9. Stay safe and clean

    Keep combine platforms and steps free of crop debris and tools and use handrails, advises Hanna. “Falls are common and injuries can be serious when entering and exiting the cab.”

    He also says to periodically clean your combine and its engine compartment to reduce the risk of fire. Good tools to have include a folding shovel for throwing dirt onto a fire and two, 10-lb. ABC dry-chemical fire extinguishers — one for the cab and one at ground level.

  10. Phone home

    For safety and peace of mind, carry a cell phone and periodically let loved ones know where you are, what you are doing and where you'll be next.

Stop Soybean Losses

Combine operators should aim for an average soybean harvest loss of less than 1.5 bu./acre, says Ronald Schuler, Wisconsin ag engineer.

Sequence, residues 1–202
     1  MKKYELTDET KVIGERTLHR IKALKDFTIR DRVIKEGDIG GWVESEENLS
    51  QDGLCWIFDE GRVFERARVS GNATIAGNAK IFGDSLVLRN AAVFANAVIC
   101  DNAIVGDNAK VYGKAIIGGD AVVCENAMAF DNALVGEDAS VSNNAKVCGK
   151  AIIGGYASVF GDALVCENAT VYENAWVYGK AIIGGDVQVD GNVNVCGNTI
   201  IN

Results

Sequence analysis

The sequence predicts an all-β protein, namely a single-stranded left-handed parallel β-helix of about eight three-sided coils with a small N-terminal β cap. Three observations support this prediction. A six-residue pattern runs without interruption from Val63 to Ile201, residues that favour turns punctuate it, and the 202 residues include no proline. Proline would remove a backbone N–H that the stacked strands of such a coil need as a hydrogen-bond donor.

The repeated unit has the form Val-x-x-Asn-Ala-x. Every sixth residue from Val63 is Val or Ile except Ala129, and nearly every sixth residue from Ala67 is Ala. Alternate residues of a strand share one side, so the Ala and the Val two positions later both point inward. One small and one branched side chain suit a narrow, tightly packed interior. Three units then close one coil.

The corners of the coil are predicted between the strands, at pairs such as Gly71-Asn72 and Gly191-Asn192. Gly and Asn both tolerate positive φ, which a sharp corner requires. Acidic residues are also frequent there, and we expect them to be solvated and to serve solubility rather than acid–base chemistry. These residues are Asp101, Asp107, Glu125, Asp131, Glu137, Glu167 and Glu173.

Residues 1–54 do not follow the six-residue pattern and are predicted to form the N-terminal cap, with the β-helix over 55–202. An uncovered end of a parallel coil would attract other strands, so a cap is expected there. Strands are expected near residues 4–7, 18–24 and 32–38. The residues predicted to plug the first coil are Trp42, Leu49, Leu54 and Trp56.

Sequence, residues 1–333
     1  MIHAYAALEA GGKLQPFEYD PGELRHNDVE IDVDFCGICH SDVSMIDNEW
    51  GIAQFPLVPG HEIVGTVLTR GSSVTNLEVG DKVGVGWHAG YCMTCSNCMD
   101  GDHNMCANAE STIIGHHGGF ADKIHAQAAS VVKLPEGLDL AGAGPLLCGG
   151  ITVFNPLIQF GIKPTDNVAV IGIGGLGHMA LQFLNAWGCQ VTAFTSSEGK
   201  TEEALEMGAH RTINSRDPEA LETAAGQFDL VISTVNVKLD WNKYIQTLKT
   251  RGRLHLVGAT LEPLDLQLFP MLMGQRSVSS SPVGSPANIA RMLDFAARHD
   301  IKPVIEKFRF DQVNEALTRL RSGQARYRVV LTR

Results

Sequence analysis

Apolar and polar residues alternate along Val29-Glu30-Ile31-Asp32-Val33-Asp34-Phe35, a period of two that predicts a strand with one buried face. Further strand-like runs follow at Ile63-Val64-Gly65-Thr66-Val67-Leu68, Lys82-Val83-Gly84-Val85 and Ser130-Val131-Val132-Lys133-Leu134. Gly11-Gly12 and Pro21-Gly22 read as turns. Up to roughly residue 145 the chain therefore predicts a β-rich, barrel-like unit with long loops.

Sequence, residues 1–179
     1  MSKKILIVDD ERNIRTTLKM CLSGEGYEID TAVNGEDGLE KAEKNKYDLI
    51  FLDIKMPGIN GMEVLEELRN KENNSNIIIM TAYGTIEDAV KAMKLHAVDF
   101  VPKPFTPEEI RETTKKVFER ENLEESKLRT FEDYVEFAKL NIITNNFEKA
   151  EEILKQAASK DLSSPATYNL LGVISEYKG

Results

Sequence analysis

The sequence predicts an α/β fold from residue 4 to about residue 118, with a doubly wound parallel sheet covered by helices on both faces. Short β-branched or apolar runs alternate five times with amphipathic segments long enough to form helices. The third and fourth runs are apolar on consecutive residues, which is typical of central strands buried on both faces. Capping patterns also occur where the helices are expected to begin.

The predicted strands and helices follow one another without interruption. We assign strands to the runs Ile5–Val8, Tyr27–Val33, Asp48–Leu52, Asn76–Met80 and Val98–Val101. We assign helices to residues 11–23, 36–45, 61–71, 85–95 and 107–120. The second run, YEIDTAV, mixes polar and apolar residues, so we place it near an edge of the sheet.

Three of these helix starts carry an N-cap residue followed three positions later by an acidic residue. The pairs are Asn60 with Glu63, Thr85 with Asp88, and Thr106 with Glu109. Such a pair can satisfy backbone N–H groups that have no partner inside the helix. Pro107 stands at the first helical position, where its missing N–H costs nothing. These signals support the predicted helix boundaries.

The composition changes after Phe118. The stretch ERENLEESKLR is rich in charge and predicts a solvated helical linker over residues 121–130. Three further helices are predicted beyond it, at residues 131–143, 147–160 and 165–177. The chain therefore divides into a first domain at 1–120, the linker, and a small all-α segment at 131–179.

Since most losses occur at the gathering unit, inspecting and adjusting the reel and cutter bar are critical.


  • Regularly inspect, maintain and replace guards, wear plates, hold-down clips and knife sections.

  • Operate the peripheral reel about 15% faster than the combine.

  • Set the reel center 6 in. in front of the cutter bar if plants are standing straight, 12 in. in front if plants are heavily lodged.

  • Keep the cutter bar close to the soil surface.

Schuler also recommends occasionally checking the grain tank. If you see too many broken beans, you'll need to inspect and adjust the cylinder/rotor speed and concave clearance, he says.

If you find too many pods and leaves in the bin, you'll need to check the sieve opening and possibly adjust the cleaning fan speed.

Hide comments


  • Allowed HTML tags: <em> <strong> <blockquote> <br> <p>

Plain text

  • No HTML tags allowed.
  • Web page addresses and e-mail addresses turn into links automatically.
  • Lines and paragraphs break automatically.